Things to Consider When Selecting Future Rabbit Dogs

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    When it comes time to acquire a rabbit dog, the selection process can be quite daunting. This is especially true for persons selecting their first dog who might not be familiar with breeders or successful rabbit hunting lines. To eliminate confusion and allow yourself to make the best dog selection possible, there are a few things to consider beforehand. The more prepared you are in advance of a bunch of wiggly pups crawling in your lap, the better off you will be when the time comes to select the one you will be bringing home.

    First and foremost, you should decide if you even want a puppy at all. Despite the joys of having a puppy around, they can also be a lot of work. If your puppy will be living indoors, he or she will need to be housebroken. Then there is puppy chewing and possible destruction to consider. Puppy shots will be necessary along with the expense of a spay or neuter if you are not interested in someday having pups of your own. Also important to factor in is the training time a puppy will require before becoming ready to hunt. Because of things like this, adult dogs are sometimes preferred, and this is a decision you should make in advance of beginning your dog search.

    Photo: Imgkid

    After you've determined which dog is age appropriate for your lifestyle and needs, researching bloodlines is a logical next step. You will likely encounter a variance in opinions about different lines. The thing to remember here is that people like what they like, you included. Because it is sometimes tough to find an opinion compatible with your own, try to meet as many dogs as possible and watch them work if you can. This will give you an idea of which lines you might wish to pursue--or avoid. Overall, however, the key is to stick with dogs that are well bred and well maintained. Healthy dogs free of physical defects (under/over bites, crooked legs, etc.) or temperament problems should be avoided; information on qualities a Beagle should possess can be found here. Once you've found a line of dogs you enjoy working with, sticking to that line in the future can provide you dogs you will enjoy for years to come.

    When choosing a breeder, remember that everything should be an open book. Touring their facility and meeting their dogs should be a welcome act. Health records should be openly provided. Remember that just because you are there to look at puppies from one litter does not mean you should ignore other dogs on the property. Take the time to look at the big picture, including all dogs and not just those the breeder may wish to show you. If you need advice in finding a breeder, don't be afraid to ask around as people who are happy with and proud of their stock will have no problem sharing from where those animals came. The same holds true with those who have had bad experiences with breeders.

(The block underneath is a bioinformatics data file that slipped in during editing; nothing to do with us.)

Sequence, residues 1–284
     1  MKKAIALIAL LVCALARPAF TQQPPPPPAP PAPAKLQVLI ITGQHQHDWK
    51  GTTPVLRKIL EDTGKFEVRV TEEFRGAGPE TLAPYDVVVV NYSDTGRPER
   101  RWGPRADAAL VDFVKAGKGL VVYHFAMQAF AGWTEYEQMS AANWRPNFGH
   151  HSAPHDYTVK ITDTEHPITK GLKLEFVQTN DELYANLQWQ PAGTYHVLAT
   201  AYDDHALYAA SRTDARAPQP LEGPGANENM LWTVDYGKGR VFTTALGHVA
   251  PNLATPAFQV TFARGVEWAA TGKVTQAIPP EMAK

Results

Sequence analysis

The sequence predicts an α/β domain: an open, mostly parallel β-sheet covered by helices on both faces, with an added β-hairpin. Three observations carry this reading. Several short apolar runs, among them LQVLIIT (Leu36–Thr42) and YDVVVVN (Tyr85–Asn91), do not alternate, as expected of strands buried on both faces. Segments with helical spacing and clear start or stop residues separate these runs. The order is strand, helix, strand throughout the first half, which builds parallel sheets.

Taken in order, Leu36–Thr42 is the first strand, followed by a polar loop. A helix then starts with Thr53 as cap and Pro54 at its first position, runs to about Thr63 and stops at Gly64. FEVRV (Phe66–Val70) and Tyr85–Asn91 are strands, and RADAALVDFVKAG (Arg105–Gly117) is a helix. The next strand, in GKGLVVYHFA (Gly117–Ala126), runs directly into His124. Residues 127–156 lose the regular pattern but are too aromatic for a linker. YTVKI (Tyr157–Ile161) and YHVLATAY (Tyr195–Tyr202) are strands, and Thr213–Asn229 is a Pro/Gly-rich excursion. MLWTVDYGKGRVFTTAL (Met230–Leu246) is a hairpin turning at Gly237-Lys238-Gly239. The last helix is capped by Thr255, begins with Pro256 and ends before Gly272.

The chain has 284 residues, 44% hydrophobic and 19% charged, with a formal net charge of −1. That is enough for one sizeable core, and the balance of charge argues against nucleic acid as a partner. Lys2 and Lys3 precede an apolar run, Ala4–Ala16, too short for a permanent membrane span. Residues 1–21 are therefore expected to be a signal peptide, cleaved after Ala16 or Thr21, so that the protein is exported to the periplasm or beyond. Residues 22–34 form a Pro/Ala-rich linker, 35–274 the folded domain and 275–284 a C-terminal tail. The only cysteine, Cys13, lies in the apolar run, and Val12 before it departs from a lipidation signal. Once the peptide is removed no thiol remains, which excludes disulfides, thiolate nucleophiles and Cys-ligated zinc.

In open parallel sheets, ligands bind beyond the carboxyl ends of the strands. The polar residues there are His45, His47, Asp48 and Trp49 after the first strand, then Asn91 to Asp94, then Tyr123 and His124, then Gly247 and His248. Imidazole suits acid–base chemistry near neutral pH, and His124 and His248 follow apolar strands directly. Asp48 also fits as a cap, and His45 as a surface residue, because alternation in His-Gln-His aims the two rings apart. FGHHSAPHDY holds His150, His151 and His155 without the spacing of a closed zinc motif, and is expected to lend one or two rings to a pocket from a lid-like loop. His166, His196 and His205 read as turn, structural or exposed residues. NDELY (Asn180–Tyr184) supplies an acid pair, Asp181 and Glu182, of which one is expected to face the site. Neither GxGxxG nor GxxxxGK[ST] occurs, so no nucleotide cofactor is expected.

Photo: Indian Meadow Beagles

    Depending on who you ask, you may be advised of other dog selecting guidelines as well. Some people swear by runt puppies. Other individuals prefer the dog with the most black. While these tips may get you the best dog of your life, they alone are not always enough to select a dog. It is essential to remember that dog is going to be your teammate; you two are going to have to click and be able to work together. Overall the Beagle breed is known for having excellent temperaments, but sometimes you will click better with one dog than the next regardless of health, breeding, or the price you will pay to bring that dog home. When assessing the personality of potential pups, take note of how they interact not just with you but also the world around you. You want a playful, active pup that is not too shy but does pay attention to his or her surroundings and checks things out. Watch their nose to see if, even as a pup, they are interested in the different smells around them, as that is part of the drive they will need to be a successful rabbit dog.

    Photo: Force Change

    Advice aside, however, the main thing is to pick a dog you like and are happy to have in your life. Although it is nice to have a system for selecting premier pups or adult dogs, sometimes the ideal way to do it simply involves trusting your gut. The best bred dog out there may not get your pulse racing but the one that everyone else overlooked could be just right. Never be afraid to trust that intuition; lots of people can tell you what you should like in a dog, but only you can know for sure what you need to make a partnership successful.

    Do you have any helpful tips for selecting a dog? Are there any must-haves on your list or qualities you always avoid when looking for a rabbit dog? Let us know in the comments.

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